It has come to my attention via a recent Buzzfeed article that iconic, mega-wealthy singer and movie star Barbra Streisand cloned her dog, Sammie, a few years ago after it died. Now she has two clones of Sammie. Is that weird?
Asking this question requires a few caveats. First off, a person can do whatever non-harmful things they want to with both their lives and their money. Second, it’s not our place to judge. So really the answer to the question, “Is it weird that Barbra Streisand has two clones of her dead dog?” is “Who cares?”
But in a broader sense, do you think there is something a little off about cloning your dog? Or, rather, how would you feel about cloning your dog? Assuming you had Streisand’s resources or cloning technology became so readily available that you could run down to your nearest Petco with a piece of Spot’s foot that you tossed into a Ziplock after a coyote got him and have a new pup 3-D printed while you went across the street and grabbed a coffee, what choice would you make?
In theory, I’m against it. I sit here and like to think that I’m mature and high-minded enough that I would choose to be a participant in the circle of life and let nature run its course, ushering life in and out of existence in a natural cycle. But I know myself. I’m full of shit. And furthermore, hypothetical me is “making” this decision objectively.
In reality, I’d be making the decision to clone my dog the same way Streisand did: in an extreme emotional state. In that situation, there’s almost no chance I don’t clone my dog. And I probably wouldn’t even acknowledge that I was being a hypocrite. I’d probably tell myself some bullshit like, “Well humans were naturally made to be intelligent so us inventing cloning is natural, thus cloning my dog is natural.” It’s certainly what I’d tell myself while on my deathbed if I had the chance to upload my consciousness into a virtual afterlife or a cyborg capable of tasting food and being sexually gratified. It’s definitely not my fear that there may be nothing after death and my general selfishness! Nah! I’m just taking door number two that nature and the time in which I was alive gave me.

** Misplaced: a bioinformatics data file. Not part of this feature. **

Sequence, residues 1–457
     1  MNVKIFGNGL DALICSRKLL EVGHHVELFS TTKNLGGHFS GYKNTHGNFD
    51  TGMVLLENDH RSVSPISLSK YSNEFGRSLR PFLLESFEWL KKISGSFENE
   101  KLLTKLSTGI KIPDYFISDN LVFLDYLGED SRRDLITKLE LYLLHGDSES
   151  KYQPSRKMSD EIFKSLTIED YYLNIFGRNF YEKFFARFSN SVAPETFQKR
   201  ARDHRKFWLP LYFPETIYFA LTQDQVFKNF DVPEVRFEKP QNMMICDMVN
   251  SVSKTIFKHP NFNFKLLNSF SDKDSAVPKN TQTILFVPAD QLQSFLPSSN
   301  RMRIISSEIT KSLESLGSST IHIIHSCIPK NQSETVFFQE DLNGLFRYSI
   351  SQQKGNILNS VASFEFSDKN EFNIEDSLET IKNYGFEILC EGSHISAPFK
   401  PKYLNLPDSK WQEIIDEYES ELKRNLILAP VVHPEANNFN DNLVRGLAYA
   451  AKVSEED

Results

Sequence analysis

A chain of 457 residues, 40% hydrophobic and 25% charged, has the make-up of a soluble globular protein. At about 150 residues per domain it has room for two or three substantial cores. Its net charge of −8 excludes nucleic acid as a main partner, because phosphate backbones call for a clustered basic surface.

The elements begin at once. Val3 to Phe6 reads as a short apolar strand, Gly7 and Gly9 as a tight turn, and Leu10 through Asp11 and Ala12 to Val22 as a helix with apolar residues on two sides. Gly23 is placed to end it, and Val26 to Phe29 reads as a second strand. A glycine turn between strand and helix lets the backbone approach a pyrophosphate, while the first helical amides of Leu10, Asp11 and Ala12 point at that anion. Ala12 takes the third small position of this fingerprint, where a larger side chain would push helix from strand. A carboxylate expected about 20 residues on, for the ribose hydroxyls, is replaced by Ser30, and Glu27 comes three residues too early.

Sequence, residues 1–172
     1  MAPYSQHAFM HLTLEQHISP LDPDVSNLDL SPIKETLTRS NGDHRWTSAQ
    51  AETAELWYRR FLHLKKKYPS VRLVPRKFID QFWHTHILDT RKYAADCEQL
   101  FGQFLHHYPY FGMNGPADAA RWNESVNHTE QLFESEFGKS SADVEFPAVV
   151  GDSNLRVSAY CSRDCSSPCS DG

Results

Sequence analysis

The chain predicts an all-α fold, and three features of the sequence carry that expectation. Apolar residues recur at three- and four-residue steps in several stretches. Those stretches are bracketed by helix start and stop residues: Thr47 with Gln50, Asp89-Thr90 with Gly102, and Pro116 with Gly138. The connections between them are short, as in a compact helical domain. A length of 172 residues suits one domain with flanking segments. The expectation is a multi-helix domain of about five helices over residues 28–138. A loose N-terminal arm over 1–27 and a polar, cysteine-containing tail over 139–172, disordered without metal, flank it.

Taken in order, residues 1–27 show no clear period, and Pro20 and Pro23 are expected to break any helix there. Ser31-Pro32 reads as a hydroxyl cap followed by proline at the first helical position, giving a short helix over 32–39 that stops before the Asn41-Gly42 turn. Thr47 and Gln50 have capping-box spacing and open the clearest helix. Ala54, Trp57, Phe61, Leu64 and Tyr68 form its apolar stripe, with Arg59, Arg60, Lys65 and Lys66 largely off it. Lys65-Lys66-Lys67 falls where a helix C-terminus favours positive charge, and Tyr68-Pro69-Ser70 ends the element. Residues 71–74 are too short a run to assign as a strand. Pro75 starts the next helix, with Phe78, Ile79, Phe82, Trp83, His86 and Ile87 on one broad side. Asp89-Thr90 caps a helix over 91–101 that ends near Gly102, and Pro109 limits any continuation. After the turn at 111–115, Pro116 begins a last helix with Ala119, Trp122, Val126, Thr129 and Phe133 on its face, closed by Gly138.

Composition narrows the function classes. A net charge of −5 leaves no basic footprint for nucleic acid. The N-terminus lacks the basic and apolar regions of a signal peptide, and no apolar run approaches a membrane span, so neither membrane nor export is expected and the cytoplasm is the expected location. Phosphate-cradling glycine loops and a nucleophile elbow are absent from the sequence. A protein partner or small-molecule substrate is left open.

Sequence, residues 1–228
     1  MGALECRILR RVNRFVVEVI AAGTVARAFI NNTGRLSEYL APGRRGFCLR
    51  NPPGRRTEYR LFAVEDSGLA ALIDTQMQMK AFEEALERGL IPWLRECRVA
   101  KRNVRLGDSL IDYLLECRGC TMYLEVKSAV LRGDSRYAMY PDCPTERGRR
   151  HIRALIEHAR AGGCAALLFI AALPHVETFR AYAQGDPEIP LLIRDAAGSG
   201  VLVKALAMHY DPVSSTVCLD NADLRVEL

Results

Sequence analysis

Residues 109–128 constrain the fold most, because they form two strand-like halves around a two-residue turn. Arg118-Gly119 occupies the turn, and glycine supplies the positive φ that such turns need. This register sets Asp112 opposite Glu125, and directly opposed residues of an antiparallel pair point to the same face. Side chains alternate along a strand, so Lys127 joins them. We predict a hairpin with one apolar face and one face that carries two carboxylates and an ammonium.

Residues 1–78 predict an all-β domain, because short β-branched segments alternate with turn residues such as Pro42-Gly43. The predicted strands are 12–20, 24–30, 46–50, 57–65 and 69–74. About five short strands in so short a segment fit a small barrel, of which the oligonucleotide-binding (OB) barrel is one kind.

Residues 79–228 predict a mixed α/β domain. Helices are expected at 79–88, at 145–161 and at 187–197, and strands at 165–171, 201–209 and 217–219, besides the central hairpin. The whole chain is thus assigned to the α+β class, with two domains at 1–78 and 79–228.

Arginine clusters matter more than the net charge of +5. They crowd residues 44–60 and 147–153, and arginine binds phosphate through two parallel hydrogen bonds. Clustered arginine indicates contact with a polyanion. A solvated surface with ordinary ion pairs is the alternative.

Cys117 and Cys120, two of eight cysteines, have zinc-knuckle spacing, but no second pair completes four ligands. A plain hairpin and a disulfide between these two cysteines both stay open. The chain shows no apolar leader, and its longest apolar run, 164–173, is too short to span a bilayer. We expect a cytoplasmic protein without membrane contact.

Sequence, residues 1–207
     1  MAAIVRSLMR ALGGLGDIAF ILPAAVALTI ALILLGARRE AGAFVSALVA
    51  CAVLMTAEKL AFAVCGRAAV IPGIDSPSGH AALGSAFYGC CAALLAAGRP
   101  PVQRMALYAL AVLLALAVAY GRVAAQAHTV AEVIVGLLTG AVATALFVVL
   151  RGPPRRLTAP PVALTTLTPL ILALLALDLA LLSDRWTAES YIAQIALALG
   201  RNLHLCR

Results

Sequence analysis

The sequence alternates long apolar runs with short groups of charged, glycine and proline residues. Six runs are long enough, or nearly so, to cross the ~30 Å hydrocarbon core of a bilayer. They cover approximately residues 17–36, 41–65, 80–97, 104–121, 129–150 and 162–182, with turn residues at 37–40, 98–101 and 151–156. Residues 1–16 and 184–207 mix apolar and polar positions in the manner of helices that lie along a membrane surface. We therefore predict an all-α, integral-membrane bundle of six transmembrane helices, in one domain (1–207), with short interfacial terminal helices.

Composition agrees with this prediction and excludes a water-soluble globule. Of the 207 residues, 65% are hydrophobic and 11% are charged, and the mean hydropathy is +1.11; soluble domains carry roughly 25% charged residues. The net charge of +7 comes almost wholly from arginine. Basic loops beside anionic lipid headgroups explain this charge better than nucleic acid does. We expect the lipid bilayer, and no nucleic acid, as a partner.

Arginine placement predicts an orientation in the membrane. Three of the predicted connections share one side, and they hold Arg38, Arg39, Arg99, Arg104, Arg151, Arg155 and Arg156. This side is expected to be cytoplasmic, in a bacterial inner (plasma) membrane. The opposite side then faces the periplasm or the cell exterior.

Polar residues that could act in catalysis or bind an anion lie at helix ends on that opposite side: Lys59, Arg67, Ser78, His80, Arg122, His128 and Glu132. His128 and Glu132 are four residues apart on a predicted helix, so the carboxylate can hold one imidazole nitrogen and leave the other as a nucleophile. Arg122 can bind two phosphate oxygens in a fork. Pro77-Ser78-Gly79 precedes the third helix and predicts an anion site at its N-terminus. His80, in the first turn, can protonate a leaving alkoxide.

The one way cloning your dog would be objectively weird — and I’m sure someone has done this — is to clone it while it’s still alive. Streisand’s situation is different. She has two clones. But the clone and the original living together gives me the creeps. I don’t care if the dog has no idea. I’d still suspect the clone was plotting the original dog’s murder. I’d still be positive that the original dog was freaked out by out. Is that all a big projection on my part? Sure. But whatever. Drawing an arbitrary line often makes me feel like I’m being reasonable.
So is cloning your dog weird? It’s definitely eccentric. And you’re probably a better person if instead you adopt one of the roughly infinity dogs already alive and in need of home rather than cloning your meticulously bred show dog because you miss cuddling with it. (For what it’s worth Streisand also did that, according to her New York Times op-ed.) But no, cloning your dog isn’t that weird. And not wrong either.
But still. Maybe use all that money to help the equally sweet and lovable dogs already alive. I know I wouldn’t.
Editors Note: This article was originally published on July 11, 2019.